The next ten years of my life, however, were an exercise in forgetting that very same gospel. Soon after the day when everything clicked for me, my parents left the PCUSA church where my dad grew up. They realized that something was off, something was missing, but I doubt that they could have verbalized what it was. We bounced around from church to church over the next decade or so, and we had flipped dramatically on the Christian spectrum. We left a mainline Presbyterian church and ended up in Independent Fundamental Baptist circles. We were members of three different IFB churches during these years, and this is when the doubt and the fear crept into my mind. If the gospel was rarely heard in the mainline church, the situation was little better in the fundamentalist churches. They preached and taught Christ crucified for sinners, no doubt. The problem, though, was the additions. Whether explicitly or implicitly, it often seemed to come back to whether or not you had done enough. There were some, thankfully, who taught a clearer gospel. I can think of my middle school youth group teacher especially, but he seemed to be the exception to the rule.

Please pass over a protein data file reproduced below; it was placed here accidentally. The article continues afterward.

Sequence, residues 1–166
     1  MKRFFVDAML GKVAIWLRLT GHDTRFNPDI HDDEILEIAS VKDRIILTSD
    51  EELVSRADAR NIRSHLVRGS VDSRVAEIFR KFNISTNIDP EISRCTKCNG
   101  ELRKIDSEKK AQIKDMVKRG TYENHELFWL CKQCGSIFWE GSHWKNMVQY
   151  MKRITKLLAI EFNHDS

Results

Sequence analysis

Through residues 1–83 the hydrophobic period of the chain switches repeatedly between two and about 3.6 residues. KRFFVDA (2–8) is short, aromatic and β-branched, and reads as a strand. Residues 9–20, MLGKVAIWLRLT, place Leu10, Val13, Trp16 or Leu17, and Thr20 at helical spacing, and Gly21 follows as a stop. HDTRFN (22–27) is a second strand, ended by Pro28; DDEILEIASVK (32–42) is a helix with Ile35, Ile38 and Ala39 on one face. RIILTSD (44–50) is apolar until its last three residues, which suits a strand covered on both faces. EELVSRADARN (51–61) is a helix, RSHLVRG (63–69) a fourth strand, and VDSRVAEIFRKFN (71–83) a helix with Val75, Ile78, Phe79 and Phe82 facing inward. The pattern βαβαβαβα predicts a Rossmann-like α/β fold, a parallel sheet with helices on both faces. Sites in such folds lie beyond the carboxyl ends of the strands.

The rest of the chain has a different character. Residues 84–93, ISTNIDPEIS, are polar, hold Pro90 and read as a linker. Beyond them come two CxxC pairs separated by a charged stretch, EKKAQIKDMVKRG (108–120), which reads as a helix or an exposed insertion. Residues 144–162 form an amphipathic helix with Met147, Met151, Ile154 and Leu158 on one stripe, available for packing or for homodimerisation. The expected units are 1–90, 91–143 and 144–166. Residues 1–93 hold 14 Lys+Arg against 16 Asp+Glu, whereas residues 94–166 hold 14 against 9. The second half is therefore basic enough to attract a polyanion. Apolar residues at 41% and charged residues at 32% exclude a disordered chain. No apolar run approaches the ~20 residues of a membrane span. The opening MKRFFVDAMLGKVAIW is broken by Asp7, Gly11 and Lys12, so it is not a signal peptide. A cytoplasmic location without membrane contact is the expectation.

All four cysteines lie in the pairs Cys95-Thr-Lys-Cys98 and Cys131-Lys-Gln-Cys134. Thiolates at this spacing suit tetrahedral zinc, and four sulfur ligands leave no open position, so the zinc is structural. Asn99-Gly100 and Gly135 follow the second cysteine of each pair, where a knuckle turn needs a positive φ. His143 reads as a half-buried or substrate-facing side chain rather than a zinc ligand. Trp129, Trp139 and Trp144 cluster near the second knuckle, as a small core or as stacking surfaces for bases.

I remember lying awake as a teenager, staring at the ceiling, and wondering. My mind raced with memories of the day which had just ended. Had I believed enough that day? Had I repented for every single sin I had committed? What if I hadn’t done enough? How much was enough, anyway? It was spiritual torture, and it lasted for years. I always knew that I should be sure about my spiritual state, but I never had any serious assurance. “Do more, try harder” was a harsh master.
Discovering The Gospel